Eating and Weight Gain
I've been so incredibly worried about Elijah's eating habits as of late, so we discussed this with Dr. Positive. Elijah really won't eat much of anything. I know a lot of kids do this to their parents, but it's complicated by the fact that Elijah can't eat milk, eggs or peanuts and has difficulty chewing. And, he isn't yet able to pick things up to feed himself or able to hold a bottle (or cup) to drink. So, unlike other kids, he can't just go get something when he is hungry or thirsty. I'm not really worried any more after yesterday's appointment because Elijah is gaining weight and seems to be staying at about the same percentile (even with all of the walking he is doing!). And, it seems that Elijah is eating a bit better now that I've calmed down a bit. He can sense my stress and it makes him eat even less. So, I'm doing my best to stop worrying about it and it seems that Elijah is doing better eating now that I'm less freaked out about it.

For those of you interested in such things - Elijah now weighs 22 lbs. 4 oz, which puts him at the eighth percentile for his age. He is 33 inches long, which puts him at the 71st percentile. His head circumference is 16 and ¾ inches, which is a negative percentile. Overall, he is doing well, maintaining his weight and growing.

Dr. Postive didn't have much to tell us, which honestly, is a good thing. We really enjoy having him as a doctor. When we left, he gave us printouts as he always does, with Elijah's stats on it. He also had a page with patient instructions on it. "Have fun diving!" it said at the top. What a nice, caring, positive doctor we have for our son.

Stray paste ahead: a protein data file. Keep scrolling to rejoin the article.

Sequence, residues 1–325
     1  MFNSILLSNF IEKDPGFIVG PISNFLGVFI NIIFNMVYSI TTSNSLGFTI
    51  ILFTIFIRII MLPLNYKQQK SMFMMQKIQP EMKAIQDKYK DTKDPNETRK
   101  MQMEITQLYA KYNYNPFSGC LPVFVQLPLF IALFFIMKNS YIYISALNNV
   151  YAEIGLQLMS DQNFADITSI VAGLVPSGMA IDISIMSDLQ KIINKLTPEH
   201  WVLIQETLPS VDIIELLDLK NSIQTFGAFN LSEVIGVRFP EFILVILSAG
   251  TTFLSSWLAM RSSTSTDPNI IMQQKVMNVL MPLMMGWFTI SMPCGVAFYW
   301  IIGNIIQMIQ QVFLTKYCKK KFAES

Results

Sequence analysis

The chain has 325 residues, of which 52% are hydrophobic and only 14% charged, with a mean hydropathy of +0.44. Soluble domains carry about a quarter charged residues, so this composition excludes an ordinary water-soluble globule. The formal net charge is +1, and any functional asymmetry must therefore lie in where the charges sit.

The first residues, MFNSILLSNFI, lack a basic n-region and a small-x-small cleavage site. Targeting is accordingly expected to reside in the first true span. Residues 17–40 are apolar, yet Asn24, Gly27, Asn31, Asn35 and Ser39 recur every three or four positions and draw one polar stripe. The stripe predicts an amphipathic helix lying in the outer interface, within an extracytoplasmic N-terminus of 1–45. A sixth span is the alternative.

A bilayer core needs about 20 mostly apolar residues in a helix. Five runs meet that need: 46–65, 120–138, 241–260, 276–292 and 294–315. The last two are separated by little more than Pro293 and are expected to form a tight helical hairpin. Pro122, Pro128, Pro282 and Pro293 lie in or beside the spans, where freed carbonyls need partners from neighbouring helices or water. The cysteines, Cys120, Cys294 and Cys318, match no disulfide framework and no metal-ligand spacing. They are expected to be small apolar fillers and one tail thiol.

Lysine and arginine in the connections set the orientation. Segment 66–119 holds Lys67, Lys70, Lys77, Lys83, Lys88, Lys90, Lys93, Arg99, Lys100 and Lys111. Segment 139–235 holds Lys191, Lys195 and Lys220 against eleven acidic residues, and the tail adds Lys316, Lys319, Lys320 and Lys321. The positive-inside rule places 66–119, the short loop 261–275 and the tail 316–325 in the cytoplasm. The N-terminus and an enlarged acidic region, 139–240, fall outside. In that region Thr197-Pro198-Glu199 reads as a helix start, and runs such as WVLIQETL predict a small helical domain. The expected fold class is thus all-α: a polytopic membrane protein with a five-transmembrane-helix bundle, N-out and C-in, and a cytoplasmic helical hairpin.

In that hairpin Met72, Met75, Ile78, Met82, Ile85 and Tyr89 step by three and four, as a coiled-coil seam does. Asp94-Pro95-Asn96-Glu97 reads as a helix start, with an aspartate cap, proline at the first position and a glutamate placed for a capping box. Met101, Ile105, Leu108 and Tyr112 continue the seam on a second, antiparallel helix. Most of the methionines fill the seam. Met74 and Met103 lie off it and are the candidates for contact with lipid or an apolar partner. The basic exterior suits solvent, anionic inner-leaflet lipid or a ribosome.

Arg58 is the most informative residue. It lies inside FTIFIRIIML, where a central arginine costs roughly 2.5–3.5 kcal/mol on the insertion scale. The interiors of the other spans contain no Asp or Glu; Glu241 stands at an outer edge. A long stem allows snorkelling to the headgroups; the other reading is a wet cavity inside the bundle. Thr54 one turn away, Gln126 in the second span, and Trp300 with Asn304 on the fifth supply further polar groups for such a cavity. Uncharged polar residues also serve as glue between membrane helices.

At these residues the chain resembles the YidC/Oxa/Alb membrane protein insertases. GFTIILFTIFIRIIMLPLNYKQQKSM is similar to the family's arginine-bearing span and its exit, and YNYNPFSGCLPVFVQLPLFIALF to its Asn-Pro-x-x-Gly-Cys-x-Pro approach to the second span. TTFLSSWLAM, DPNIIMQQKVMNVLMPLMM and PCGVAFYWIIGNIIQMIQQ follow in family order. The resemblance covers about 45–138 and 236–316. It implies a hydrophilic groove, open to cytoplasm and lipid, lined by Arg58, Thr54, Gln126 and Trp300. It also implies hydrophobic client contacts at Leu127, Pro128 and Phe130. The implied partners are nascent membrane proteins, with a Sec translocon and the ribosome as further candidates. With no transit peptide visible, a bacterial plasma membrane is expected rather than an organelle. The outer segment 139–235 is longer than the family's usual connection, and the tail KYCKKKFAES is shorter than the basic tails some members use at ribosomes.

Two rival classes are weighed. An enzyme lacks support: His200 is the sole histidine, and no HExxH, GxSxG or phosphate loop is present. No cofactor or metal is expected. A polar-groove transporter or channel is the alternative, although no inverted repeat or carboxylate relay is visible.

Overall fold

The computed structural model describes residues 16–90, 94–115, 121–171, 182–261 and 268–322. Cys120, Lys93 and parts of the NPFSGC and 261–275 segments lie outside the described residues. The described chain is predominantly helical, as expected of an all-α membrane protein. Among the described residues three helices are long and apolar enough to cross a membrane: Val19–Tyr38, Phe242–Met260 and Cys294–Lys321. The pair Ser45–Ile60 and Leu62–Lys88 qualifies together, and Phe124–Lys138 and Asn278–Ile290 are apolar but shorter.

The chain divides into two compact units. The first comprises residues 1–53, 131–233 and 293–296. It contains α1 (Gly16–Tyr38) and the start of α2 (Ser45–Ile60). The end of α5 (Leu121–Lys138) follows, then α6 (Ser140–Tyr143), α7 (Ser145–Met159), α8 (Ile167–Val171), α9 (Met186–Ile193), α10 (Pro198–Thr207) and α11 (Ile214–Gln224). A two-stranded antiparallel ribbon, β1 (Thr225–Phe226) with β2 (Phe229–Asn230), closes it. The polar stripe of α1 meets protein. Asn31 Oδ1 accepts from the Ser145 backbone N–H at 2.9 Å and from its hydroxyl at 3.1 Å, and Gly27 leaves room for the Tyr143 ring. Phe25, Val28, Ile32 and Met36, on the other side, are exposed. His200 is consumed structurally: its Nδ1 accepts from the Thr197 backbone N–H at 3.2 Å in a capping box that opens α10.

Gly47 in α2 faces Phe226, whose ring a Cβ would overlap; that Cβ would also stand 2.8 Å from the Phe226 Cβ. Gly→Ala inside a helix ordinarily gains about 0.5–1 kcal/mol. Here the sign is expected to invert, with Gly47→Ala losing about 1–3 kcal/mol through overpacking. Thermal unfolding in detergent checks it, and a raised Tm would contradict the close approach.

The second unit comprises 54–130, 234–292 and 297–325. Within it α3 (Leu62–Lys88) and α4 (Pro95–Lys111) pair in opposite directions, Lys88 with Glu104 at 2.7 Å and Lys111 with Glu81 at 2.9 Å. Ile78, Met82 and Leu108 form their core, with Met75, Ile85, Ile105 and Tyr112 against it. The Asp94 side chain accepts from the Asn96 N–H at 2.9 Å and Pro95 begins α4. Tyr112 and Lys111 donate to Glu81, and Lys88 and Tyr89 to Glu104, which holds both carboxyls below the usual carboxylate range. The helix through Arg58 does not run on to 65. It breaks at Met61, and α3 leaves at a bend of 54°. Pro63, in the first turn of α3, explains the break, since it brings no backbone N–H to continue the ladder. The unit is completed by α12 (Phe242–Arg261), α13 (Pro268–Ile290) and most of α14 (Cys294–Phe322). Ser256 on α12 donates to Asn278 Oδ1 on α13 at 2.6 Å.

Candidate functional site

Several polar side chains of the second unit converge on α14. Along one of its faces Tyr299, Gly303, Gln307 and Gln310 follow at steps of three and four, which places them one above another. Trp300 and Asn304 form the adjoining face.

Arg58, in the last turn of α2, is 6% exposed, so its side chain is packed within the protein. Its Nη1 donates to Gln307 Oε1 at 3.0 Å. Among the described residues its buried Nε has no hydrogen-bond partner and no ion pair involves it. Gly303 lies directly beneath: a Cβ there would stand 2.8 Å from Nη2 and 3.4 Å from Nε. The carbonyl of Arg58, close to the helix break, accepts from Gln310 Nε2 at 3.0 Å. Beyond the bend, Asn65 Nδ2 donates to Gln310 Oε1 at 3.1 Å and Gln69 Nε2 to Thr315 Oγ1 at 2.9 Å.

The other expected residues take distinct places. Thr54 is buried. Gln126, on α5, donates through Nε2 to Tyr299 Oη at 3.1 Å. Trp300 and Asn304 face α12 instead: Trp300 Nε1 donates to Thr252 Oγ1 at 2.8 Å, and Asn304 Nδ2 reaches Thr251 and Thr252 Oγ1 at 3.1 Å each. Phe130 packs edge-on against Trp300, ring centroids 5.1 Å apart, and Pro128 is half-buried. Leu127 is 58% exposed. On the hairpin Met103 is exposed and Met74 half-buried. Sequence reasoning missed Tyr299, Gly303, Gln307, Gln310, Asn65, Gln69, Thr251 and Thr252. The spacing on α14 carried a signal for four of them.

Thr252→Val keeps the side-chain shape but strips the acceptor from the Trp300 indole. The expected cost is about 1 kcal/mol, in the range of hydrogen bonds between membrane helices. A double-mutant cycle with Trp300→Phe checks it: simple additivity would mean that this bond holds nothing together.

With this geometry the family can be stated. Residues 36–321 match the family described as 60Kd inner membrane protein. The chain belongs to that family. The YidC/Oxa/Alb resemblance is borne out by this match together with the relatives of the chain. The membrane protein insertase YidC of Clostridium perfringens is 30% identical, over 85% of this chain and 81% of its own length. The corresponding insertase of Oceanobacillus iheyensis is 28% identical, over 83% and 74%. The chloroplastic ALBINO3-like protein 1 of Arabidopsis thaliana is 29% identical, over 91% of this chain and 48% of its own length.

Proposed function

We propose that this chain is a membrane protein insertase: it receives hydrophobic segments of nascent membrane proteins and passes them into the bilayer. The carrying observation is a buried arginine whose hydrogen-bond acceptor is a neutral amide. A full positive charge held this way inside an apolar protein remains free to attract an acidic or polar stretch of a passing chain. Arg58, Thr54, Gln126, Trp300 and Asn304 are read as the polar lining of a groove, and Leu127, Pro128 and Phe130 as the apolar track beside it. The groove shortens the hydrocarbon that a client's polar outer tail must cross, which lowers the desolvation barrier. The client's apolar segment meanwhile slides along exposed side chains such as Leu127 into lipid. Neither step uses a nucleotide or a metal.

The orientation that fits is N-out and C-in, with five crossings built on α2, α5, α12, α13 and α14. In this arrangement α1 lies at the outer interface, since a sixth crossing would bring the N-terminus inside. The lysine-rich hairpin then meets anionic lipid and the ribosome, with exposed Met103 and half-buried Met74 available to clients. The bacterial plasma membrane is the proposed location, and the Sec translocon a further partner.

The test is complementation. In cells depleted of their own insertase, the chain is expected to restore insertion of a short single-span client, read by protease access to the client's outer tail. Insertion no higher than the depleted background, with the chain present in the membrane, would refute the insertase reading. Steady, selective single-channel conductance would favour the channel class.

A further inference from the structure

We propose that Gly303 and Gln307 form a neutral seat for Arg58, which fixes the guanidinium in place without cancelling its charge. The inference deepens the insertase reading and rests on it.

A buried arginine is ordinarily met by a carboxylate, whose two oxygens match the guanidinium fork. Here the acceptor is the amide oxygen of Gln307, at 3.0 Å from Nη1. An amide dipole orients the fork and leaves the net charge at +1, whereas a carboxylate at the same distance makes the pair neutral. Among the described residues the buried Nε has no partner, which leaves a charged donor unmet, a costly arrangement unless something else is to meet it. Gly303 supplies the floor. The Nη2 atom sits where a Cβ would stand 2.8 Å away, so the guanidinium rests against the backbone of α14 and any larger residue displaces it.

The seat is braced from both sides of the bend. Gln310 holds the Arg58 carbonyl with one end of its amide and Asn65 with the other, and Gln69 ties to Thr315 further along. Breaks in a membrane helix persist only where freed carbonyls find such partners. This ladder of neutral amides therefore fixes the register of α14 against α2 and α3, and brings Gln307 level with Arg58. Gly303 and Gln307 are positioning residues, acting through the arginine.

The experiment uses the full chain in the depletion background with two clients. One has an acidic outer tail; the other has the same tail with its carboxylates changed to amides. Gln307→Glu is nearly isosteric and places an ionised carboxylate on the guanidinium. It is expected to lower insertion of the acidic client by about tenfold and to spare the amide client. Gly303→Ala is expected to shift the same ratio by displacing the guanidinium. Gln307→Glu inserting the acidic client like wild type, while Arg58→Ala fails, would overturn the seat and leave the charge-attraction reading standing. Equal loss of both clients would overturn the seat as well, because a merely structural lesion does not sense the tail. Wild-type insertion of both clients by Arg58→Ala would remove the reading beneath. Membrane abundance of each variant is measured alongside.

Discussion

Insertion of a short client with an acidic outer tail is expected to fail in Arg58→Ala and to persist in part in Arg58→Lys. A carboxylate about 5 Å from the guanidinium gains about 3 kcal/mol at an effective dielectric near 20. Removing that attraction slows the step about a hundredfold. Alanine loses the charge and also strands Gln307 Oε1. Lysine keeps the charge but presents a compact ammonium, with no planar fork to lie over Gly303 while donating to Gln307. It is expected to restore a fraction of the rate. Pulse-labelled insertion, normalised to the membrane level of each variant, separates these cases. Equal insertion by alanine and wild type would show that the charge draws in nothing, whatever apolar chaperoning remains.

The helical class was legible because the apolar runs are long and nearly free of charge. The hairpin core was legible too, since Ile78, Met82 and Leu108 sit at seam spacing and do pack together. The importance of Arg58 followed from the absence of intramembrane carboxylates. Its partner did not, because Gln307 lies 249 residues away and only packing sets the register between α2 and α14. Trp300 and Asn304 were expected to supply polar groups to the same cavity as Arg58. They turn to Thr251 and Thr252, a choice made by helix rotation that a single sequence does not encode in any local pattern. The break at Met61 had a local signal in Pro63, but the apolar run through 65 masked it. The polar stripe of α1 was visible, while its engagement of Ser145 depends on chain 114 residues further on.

Anonymous said...

Elijah is growing so quickly. Continue to enjoy every second of it. Time flies by. My "baby" will start high school next fall. Elijah is an amazing little guy, and I just wanted you to know that all of our friends, family and church family are praying for him and your family. I wish we could get to Menomonie this Sunday for the benefit, but unfortunatly we are unable to attend. I would have be so nice to see everyone again.
Lora, Scott, James, Rachel & Evan

Lisa said...

Thank you so much Lora (and the rest of the fam)! The thoughts and prayers mean so so much to us. The most powerful thing we've learned through all of this is the effectiveness of prayer - and we'll take every single one of them! The more the better!
High School? Really?! That doesn't even seem possible! I know it won't be long and I'll be saying the same exact thing.
Wish you could come to the benefit this weekend, too, but only so we could see all of you! It's been awhile. Thanks for the comment and take care. Hopefully we'll see all of you soon. Love, Lisa and her boys

Ellen Seidman said...

That is great news—I love it when doctors have nothing much to report!

Lisa said...

Ellen, I totally agree! The love uneventful doctor appointments.